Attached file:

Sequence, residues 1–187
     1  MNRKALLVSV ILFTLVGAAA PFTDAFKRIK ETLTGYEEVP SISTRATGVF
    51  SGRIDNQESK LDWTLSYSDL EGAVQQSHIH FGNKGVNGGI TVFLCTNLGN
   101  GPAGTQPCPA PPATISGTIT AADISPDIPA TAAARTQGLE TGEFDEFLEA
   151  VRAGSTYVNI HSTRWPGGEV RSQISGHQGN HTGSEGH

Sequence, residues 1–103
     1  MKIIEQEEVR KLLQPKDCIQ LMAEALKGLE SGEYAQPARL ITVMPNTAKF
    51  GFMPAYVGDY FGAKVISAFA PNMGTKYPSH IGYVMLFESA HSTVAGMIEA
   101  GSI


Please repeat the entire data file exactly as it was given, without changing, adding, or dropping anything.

Sequence, residues 1–187
     1  MNRKALLVSV ILFTLVGAAA PFTDAFKRIK ETLTGYEEVP SISTRATGVF
    51  SGRIDNQESK LDWTLSYSDL EGAVQQSHIH FGNKGVNGGI TVFLCTNLGN
   101  GPAGTQPCPA PPATISGTIT AADISPDIPA TAAARTQGLE TGEFDEFLEA
   151  VRAGSTYVNI HSTRWPGGEV RSQISGHQGN HTGSEGH

Sequence, residues 1–103
     1  MKIIEQEEVR KLLQPKDCIQ LMAEALKGLE SGEYAQPARL ITVMPNTAKF
    51  GFMPAYVGDY FGAKVISAFA PNMGTKYPSH IGYVMLFESA HSTVAGMIEA
   101  GSI